One of the fundamentals of configuring a Cisco router or switch is enabling a secure management protocol. Telnet sends everything in clear text which makes it vulnerable to anyone sniffing network traffic.
The solution is to utilize SSH, a cryptographic protocol. It is a secure shell providing confidentiality of data being transmitted from your workstation to a router or switch.
Here is our simple topology:
Let’s say we’re consoled into the router and would like to enable SSH so we can manage the router from our desk.
Once you’re are in global configuration mode we hop right in with the following configuration:
conf t ! !! Configure a username with privilege 15 and a secret password of cisco username admin priv 15 secret cisco ! ! !! Before configuring SSH we need to define the domain name for the purpose of generating our key ip domain-name rowelldionicio.com ! ! !! Configure the rya keys with a key length 1024 crypto key generate rsa general-keys mod 1024 ! ! !! Enter the vty line configuration to enable ssh as the input protocol leaving out telnet line vty 0 15 transport input ssh ! !! The login local command tells the router to prompt for a username and password verification against the local database of the router login local exit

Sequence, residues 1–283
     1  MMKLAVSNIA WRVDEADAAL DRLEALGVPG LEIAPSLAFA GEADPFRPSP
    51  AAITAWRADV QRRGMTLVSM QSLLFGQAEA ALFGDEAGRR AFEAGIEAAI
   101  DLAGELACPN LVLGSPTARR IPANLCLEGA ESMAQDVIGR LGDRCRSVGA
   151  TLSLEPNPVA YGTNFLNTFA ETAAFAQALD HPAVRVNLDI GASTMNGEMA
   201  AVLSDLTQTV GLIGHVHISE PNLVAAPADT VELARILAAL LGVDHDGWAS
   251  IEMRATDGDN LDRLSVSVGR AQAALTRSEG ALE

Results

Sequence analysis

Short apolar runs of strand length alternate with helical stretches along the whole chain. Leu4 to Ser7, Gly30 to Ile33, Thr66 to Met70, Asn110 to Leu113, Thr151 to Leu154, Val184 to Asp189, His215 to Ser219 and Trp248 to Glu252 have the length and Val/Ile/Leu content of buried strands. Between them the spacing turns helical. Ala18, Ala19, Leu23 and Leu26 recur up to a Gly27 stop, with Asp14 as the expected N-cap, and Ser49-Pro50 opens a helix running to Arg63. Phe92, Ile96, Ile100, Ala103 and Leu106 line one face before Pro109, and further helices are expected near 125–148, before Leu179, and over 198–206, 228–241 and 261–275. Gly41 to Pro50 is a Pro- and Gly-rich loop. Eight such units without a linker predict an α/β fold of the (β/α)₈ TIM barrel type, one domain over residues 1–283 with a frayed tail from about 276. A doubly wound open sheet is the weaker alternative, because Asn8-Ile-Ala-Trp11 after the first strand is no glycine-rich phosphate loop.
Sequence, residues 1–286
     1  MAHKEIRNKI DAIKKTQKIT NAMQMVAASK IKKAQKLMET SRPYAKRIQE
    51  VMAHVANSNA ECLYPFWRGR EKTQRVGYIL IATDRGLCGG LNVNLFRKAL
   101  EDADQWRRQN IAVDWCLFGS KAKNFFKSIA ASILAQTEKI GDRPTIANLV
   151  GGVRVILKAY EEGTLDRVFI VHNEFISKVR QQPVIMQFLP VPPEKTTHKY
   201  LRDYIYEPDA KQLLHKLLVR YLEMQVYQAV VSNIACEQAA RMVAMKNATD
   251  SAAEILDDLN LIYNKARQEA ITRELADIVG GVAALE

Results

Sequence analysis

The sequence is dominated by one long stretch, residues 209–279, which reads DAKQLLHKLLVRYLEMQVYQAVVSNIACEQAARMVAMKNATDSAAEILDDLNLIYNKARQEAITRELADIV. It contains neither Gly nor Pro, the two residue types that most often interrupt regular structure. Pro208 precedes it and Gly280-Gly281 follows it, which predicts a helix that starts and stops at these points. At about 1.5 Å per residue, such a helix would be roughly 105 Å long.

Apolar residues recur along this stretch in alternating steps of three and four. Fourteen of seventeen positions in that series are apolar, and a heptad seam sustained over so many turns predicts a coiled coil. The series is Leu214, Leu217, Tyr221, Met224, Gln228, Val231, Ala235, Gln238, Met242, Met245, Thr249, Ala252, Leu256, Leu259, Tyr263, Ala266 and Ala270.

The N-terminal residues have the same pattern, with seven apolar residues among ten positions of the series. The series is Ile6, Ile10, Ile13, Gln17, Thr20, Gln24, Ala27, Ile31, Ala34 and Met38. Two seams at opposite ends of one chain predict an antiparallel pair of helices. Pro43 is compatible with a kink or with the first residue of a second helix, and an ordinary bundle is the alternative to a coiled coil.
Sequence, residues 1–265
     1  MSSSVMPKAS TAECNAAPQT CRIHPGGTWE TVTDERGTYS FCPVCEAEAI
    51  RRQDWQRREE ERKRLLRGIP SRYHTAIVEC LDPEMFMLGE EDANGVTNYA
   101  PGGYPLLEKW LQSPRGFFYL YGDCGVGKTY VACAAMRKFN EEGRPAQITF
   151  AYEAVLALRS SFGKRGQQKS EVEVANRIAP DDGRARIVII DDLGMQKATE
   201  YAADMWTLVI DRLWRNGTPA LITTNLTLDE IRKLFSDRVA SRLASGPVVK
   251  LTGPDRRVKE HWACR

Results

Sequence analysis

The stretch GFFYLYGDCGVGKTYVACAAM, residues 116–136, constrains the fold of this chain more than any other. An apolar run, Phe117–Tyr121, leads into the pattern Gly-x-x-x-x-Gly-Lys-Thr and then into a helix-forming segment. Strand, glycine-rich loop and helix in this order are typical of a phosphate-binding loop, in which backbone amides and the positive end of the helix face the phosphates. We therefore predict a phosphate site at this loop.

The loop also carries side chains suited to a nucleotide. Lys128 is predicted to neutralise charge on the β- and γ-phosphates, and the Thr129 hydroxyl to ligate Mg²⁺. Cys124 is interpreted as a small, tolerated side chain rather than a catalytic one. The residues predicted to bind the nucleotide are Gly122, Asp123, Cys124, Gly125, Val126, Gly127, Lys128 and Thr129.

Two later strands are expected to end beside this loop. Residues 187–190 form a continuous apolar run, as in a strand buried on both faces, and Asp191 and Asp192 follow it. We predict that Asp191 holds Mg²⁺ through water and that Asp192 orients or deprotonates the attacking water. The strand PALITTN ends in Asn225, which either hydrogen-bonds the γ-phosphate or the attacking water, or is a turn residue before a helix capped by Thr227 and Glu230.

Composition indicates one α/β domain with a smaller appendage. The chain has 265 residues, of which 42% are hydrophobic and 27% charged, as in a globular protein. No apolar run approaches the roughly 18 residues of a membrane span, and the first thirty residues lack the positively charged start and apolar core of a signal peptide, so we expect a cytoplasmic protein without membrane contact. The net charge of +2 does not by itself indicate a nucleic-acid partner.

Now we test with our Linux client using the command:
ssh -l admin 10.1.1.100
You’ll be prompted for the admin password since the username was defined in the ssh command. Because the admin account is configured with privilege 15 we are automatically put into the global configuration mode, bypassing the enable password.
Here’s what our communication with R1 looks like over the network using SSH:
To compare our traffic with Telnet we will remove SSH:
conf t ! !! Enter line configuration line vty 0 15 ! !! To remove SSH, do not specify the protocol transport input telnet end
In Wireshark I will follow the TCP Stream of the packet that appears to be sending username and password traffic:
We can see the username and password in plain text and also see what commands are being entered:
Follow best practices and manage your routers and switches over SSH. Even if you’re using a dedicated management network I would still recommend encrypting your traffic. It’s simple to configure and your traffic will be encrypted from prying eyes.